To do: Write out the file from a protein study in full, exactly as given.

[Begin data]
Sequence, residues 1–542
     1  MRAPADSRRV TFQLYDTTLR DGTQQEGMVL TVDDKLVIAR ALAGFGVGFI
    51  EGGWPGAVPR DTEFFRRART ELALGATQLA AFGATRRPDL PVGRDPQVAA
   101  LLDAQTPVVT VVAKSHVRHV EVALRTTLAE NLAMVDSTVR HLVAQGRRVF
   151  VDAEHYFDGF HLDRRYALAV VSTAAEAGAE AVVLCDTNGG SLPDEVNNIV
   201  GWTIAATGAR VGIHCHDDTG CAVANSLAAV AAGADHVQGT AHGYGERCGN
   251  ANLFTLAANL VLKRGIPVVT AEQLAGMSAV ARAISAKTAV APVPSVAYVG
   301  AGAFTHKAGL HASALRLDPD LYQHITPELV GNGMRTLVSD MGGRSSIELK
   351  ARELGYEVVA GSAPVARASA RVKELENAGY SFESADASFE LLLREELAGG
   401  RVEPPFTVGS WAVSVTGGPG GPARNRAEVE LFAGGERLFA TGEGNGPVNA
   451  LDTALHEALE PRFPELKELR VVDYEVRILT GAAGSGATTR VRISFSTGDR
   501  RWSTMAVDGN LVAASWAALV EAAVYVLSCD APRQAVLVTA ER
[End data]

Sequence, residues 1–542
     1  MRAPADSRRV TFQLYDTTLR DGTQQEGMVL TVDDKLVIAR ALAGFGVGFI
    51  EGGWPGAVPR DTEFFRRART ELALGATQLA AFGATRRPDL PVGRDPQVAA
   101  LLDAQTPVVT VVAKSHVRHV EVALRTTLAE NLAMVDSTVR HLVAQGRRVF
   151  VDAEHYFDGF HLDRRYALAV VSTAAEAGAE AVVLCDTNGG SLPDEVNNIV
   201  GWTIAATGAR VGIHCHDDTG CAVANSLAAV AAGADHVQGT AHGYGERCGN
   251  ANLFTLAANL VLKRGIPVVT AEQLAGMSAV ARAISAKTAV APVPSVAYVG
   301  AGAFTHKAGL HASALRLDPD LYQHITPELV GNGMRTLVSD MGGRSSIELK
   351  ARELGYEVVA GSAPVARASA RVKELENAGY SFESADASFE LLLREELAGG
   401  RVEPPFTVGS WAVSVTGGPG GPARNRAEVE LFAGGERLFA TGEGNGPVNA
   451  LDTALHEALE PRFPELKELR VVDYEVRILT GAAGSGATTR VRISFSTGDR
   501  RWSTMAVDGN LVAASWAALV EAAVYVLSCD APRQAVLVTA ER